The program 300 contains content of varying natures, for example, program segments and commercials. These portions of content are viewed sequentially in a normal presentation, such as during a television broadcast or standard replay from a recorded source. As the presentation progresses, abrupt changes attend the transition points between portions. These transitions, at the very least, comprise a scene change (e.g., from the sitcom characters in their apartment to a sleek new sedan taking a hairpin turn in a car commercial). Of course, not all scene changes represent a change in content, such as scene changes within a program segment or commercial. Most transitions between program segments and commercials include a brief transition screen, such as a black screen and attendant silence. Transitions between program segments and commercials may also be accompanied by changes in volume and other detectable events. Program segments generally do not alternate with single commercials, but with commercial groups containing multiple commercials. Transitions between commercials in a commercial group also usually include a transition screen and may or may not include other detectable events. Transitions among program segments and commercials are shown in the first, timeline 310 as transitions 320-339 and in second timeline as transitions 360-376. Each transition may include a transition screen and other detectable events.
The program content in program 300 is depicted as program content 341-346 in the first timeline 310 and program content 381-386 in the second timeline 312. Example program content may be a broadcast television program, such as a sitcom, soap opera, movie, or news program. The program content may include a teaser segment, a title credits segment, one or more chapter segments, and an end credit segment. For example, the program 300 includes a teaser segment 341, 381, a title credits segment 342, 382, a plurality of chapter segments 343-345, 383-385, and an end credit segment 346, 386.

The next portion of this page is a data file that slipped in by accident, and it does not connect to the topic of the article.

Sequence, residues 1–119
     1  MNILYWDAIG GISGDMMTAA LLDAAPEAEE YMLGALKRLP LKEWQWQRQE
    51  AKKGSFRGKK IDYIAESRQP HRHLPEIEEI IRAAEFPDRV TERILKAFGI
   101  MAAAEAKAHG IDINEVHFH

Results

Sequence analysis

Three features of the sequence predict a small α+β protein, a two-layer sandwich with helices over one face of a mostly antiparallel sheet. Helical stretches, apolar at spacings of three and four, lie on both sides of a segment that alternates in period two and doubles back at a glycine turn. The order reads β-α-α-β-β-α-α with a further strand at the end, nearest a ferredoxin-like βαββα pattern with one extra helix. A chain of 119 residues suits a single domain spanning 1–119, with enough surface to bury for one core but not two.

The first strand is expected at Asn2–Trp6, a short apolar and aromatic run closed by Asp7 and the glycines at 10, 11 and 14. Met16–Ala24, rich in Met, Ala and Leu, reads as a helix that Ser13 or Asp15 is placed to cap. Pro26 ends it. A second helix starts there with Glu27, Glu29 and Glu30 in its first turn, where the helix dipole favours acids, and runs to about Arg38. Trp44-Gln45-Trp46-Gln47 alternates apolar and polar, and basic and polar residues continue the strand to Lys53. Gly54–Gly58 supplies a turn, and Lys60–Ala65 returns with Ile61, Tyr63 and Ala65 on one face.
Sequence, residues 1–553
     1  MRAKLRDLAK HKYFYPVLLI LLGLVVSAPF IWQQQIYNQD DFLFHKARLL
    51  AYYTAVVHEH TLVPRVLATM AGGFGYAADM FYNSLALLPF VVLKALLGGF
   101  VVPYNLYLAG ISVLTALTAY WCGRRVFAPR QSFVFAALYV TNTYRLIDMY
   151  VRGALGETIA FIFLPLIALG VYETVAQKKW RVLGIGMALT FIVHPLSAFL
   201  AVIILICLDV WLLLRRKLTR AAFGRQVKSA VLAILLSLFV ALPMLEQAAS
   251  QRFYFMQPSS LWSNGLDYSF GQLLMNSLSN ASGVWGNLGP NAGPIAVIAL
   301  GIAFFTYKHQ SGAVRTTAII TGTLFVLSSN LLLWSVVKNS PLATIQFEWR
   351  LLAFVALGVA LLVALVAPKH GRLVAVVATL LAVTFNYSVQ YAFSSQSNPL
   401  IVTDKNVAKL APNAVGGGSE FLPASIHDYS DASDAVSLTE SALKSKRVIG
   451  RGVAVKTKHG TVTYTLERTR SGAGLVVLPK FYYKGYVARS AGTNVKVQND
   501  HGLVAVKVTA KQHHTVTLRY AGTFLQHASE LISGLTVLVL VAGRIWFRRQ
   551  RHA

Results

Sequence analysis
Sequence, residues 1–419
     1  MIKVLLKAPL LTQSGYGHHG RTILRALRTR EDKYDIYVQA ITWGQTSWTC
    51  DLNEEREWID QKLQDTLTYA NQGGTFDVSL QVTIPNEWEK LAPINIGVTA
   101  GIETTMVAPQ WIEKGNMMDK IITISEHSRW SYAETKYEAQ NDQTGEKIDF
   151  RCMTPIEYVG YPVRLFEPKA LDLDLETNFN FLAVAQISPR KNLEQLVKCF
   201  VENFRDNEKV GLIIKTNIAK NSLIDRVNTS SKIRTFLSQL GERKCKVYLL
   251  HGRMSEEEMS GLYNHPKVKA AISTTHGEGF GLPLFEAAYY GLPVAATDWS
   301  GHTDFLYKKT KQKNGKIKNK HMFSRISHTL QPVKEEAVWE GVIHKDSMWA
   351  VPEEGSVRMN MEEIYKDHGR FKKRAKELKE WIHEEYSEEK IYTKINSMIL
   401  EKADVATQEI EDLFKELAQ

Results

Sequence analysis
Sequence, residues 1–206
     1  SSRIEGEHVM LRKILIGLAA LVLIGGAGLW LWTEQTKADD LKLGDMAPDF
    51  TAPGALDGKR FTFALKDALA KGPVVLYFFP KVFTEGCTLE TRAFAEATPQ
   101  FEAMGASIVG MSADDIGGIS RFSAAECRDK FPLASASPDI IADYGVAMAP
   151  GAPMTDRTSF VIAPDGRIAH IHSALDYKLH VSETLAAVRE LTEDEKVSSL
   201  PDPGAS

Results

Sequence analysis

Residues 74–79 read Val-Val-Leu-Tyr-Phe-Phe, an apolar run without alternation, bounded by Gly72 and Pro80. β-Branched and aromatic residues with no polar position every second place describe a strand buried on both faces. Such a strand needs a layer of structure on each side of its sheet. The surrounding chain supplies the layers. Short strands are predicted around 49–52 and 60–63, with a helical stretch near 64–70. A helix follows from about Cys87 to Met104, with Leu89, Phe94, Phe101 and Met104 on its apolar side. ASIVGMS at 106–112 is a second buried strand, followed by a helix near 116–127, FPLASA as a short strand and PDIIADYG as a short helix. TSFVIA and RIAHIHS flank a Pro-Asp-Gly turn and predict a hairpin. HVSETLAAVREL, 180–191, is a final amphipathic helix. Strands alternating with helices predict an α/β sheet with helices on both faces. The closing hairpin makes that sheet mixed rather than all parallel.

The program 300 also includes a number of commercials embedded within the video presentation. The commercials are embedded as commercial groups, depicted as commercial groups 351-354 in the first timeline 310 and commercial groups 391 and 394 in the second timeline 312. Each commercial group is composed of 3-4 commercials separated by a corresponding number of transitions. There are four commercial groups 351-354 contained in first timeline 310, representing the commercial groups as broadcast and recorded. There are only two complete commercial groups 391 and 394 in the second timeline 312, representing operation of a commercial skip feature to substantially decrease the commercials presented during playback.
In the second timeline 312, the commercial groups 352 and 353 from the first timeline 310 have been replaced by indicators 392 and 393. The indicators 392 and 393 notify the viewer that commercials have been skipped. In one embodiment, the indicators 392 and 393 include brief portions (a few frames to several seconds) of the first and last commercial in the corresponding commercial group. The indicators may also include an icon overlay, audio cue, or other identifier for operation of the commercial skip feature. For example, an indicator could include 3 seconds from the beginning of the first skipped commercial, 7 seconds of the end of the last skipped commercial, and an icon overlay associated with the commercial skip feature. Alternate indicators may include brief portions of all commercials skipped or no portions of the commercials skipped. In an alternate embodiment, the commercial skip feature may be implemented without any indicators. Program segments 383, 384, and 385 would be presented sequentially without any interruption or other indication that commercials had been skipped.